Amritsar: Merchant Navy officer Harjot Singh’s kin want Odisha Govt, marine authorities to trace him : The Tribune India

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Amritsar: Merchant Navy officer Harjot Singh’s kin want Odisha Govt, marine authorities to trace him

Amritsar-based family says his ship was anchored at Odisha’s Dhamra port



Tribune News Service

Neeraj Bagga

Amritsar, June 23

The family members of 29-year-old Harjot Singh, who has been missing, have been making representations to the Odisha Government and marine authorities to help trace him as his ship was anchored at Odisha’s Dhamra port.

Missing Merchant Navy officer Harjot’s parents, Kuldeep Singh and Jasbir Kaur, show his picture in Amritsar on Sunday. Vishal Kumar

A night before his birthday, on June 17, he went missing. The lone brother of three sisters, Harjot was a bachelor. So they sent representations to Bhubaneswar District Magistrate, Incharge of Port Authority Paradip, and others to trace Harjot and rescue him. His sister Rajwinder Kaur and her husband are camping near Dhamra port to know his whereabouts.

Harjot’s father, Kuldeep Singh, said he received a call from an official who identified himself as Shaurya from an offshore location on the intervening night of June 16 and 17. “The officials asked me if Harjot knew swimming. He told me that my son had slipped into the sea.”

A sobbing father, who drove a taxi for over four decades for a living and to fund quality education for his children, said he had been employed in the Merchant Navy for nine years. He said during this time he rose from a cadet to the rank of Second Officer. “One joins the Merchant Navy only after attaining a quality level of swimming.”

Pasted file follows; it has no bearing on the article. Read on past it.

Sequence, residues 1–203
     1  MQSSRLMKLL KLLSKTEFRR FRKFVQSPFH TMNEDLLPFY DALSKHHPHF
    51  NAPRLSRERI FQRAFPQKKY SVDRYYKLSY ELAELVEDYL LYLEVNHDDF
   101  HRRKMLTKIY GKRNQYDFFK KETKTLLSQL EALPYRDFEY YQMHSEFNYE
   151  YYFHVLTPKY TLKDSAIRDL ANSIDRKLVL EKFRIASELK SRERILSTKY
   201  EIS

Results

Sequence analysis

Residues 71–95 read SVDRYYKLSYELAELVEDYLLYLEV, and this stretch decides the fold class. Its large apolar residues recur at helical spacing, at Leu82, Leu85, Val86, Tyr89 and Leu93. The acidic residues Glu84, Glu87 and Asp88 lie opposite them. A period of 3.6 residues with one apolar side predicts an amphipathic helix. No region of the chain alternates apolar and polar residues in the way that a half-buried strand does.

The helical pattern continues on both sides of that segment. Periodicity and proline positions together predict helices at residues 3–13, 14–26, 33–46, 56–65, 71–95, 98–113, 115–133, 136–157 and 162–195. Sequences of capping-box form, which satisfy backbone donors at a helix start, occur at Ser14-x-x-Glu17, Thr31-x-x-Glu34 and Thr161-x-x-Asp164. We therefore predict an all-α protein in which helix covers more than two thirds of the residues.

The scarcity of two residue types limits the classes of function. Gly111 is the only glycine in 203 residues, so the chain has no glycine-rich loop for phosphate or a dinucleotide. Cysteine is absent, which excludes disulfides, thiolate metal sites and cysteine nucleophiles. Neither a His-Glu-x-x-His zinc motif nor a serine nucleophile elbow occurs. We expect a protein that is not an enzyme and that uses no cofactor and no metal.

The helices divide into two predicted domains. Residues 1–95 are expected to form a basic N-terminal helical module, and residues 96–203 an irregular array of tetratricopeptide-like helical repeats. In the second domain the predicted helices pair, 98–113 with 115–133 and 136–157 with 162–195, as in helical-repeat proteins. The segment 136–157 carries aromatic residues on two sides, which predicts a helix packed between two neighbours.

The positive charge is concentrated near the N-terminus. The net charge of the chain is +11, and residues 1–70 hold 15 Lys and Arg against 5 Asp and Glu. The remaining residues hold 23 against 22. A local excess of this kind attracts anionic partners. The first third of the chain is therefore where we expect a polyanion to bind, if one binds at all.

Harjot’s tense-looking mother, Jasbir Kaur, remembered those days when he had packed his luggage with joy before proceeding to join duty on the ‘Jal Vaibhav’ ship on January 10. In a shivering voice, she prayed to ‘Waheguru’ to extend help to locate his only son. She added that he rang up his father on Father’s Day, June 16, to greet him. He also told his father to stop driving a taxi, adding that he should take the family out for recreational activities as his Canada-based sister had returned home. Harjot is the youngest of his siblings. His eldest sister is a teacher at a government school. His other sister, Rajwinder Kaur, is a manager at the Partition Museum.

Harjot’s brother-in-law, Rajinder Singh, said the private merchant Navy company officials had not given them proper information on the situation. The family in a huddle at their house in Akali colony on the Sultanwind Road is waiting for positive news to reunite with their son.

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